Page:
> the 5 major browsers is a broken and faulty loader.

This is not the relevant fact.

The relevant fact is that such loaders exist, are most likely broken 
only in Opera for now, but would break in Gecko and WebKit if those were 
to implement onreadystatechange on <script>.  Their existence thus 
likely precludes Gecko and WebKit implementing it.

> Those script loaders should be fixed regardless of what is decided in
> this thread -- that much should be clear.

Great.  Do you have time for that?  Does anyone else?  Will the site 
owners even respond?

My experiences with getting web pages to fix their scripts are not very 
positive... maybe yours are different.

> So if they are fixed, then
> they're a moot argument against considering a simple `readyState`
> mechanism for script elements.

If they're fixed, and we have good evidence of that, then we can revisit 
this discussion, absolutely.

>> Or put another way, I would not be willing to implement readyState on
>> scripts in in Gecko as things stand, without a lot stronger data
>> supporting the fact that scripts no longer listen for both load and
>> readystatechange.
> I think that's an improper standard.

I think it's the only relevant standard here: will implementing this 
break websites for my users?  If it will, why would I implement it? 
Maybe there are good reasons, but they'd better be pretty overwhelmingly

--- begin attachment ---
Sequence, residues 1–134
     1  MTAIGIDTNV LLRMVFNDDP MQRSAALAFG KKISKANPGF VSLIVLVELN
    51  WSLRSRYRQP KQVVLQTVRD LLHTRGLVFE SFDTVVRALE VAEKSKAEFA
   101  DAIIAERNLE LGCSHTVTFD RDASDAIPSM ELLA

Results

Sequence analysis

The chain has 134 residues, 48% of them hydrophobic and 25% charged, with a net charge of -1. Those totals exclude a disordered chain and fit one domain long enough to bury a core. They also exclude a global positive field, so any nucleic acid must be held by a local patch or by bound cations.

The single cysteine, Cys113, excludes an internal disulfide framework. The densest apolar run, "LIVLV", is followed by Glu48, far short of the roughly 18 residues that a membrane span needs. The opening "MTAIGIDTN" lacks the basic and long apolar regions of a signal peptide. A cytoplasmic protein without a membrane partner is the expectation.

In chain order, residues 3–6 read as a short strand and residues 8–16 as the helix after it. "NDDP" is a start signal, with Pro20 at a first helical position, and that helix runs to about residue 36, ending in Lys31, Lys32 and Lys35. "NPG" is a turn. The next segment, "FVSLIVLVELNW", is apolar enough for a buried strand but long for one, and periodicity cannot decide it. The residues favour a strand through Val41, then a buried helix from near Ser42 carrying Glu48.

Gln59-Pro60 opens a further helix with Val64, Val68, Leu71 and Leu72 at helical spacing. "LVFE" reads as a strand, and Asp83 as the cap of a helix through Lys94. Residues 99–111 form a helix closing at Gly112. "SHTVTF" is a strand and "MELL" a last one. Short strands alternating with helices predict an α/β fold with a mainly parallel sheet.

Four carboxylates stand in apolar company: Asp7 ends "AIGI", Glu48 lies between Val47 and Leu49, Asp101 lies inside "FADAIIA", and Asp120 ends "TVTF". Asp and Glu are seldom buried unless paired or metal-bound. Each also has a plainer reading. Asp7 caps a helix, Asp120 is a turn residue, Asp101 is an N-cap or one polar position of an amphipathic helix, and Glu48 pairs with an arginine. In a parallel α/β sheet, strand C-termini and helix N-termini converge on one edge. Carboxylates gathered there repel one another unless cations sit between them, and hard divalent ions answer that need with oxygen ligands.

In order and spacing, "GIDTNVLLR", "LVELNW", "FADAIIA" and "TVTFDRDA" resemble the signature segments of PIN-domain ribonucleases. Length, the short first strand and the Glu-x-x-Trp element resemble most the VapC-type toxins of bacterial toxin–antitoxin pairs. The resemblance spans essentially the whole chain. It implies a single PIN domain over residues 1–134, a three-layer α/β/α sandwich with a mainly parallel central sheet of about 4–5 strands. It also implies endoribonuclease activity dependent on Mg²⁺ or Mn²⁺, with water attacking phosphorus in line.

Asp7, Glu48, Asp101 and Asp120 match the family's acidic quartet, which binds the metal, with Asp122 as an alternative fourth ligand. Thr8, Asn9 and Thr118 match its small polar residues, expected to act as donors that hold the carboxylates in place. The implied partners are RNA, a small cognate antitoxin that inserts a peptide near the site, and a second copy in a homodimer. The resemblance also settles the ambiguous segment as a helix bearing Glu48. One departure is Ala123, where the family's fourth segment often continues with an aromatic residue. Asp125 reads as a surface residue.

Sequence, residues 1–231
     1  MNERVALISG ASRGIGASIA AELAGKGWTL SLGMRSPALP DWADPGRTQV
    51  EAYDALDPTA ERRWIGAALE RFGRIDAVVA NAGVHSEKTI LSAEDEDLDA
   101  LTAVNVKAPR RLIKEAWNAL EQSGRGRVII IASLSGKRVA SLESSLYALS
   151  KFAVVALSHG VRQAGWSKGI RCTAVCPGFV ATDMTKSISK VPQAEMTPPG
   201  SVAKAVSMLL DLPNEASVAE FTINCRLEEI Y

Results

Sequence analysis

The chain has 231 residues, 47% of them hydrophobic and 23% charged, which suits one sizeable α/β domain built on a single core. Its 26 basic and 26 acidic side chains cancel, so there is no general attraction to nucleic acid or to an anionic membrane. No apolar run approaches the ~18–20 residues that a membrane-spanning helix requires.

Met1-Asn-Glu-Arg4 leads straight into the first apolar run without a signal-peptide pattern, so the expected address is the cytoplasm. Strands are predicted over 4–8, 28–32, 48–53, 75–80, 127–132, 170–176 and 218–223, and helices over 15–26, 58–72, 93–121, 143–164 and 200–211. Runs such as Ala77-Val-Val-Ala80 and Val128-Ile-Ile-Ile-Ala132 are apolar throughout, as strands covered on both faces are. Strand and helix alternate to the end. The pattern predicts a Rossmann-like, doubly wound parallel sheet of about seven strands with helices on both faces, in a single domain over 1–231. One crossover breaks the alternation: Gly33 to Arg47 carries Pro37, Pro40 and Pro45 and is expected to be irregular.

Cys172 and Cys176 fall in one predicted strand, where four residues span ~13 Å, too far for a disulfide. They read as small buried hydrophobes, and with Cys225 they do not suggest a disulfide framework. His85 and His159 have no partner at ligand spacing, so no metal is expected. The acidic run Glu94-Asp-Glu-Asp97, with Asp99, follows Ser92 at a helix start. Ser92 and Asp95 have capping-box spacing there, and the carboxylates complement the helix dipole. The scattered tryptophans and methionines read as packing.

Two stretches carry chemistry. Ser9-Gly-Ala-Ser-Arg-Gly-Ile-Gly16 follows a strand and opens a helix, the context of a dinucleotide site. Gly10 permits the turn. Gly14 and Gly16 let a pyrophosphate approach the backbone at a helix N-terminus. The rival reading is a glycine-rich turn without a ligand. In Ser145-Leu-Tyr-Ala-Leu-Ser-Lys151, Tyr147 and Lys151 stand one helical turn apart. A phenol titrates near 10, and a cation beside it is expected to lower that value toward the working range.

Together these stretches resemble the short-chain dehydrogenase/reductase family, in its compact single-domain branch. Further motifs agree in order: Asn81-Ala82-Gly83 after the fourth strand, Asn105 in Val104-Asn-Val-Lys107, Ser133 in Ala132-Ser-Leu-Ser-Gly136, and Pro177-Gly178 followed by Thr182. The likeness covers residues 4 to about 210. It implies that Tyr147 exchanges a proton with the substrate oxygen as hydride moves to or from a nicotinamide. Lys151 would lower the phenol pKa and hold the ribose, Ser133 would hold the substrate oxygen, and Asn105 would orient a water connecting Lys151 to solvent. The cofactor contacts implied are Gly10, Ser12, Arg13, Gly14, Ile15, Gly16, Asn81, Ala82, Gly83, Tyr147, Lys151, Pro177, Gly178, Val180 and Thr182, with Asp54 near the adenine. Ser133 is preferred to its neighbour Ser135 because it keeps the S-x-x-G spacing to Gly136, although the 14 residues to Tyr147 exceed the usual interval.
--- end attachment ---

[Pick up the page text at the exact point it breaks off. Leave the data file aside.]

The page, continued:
good.  I'm not seeing such reasons here.

If the concern is just to have a readyState-like setup available on 
<script>, that could still be done, just using a different event name 
that hasn't been poisoned yet.

> What should be asked is: will the
> proposed change break any existing scripts in new or worse ways than
> they already are?

Sure, for users of all browsers other than Opera.

I think you're completely misunderstanding the relevant meaning of 
"break" here.  It's not "is the script broken?" it's "is the page broken 
when a user loads it?".

I would venture to say that the vast majority of scripts on the web are 
"broken" by your metric.  100% of the ones doing UA sniffing are.  But 
it all ends up working out in practice, sort of.... By your reasoning, 
any change that breaks any script that does UA sniffing in any way is 
OK.  I realize that's an extreme version of your argument, but that's 
what you argument is, on a slightly smaller scale in terms of (user, 
website) pairs impacted.

> The answer is no.

See above.

> And OTOH, will it help some scripts?
> Apparently, yes (yandex).

If we can help yandex without breaking other sites in the process, that 
seems better than helping yandex while breaking other sites, all else 
being equal.

In this case, all else is not quite equal, but I don't see good evidence 
that the site breakage Opera has been dealing with is worth the dubious 
benefits of standardizing the onreadystatechange behavior on <script>.

Again, I see no problem with possibly standardizing something on 
<script> that gives equivalent functionality using a different event name.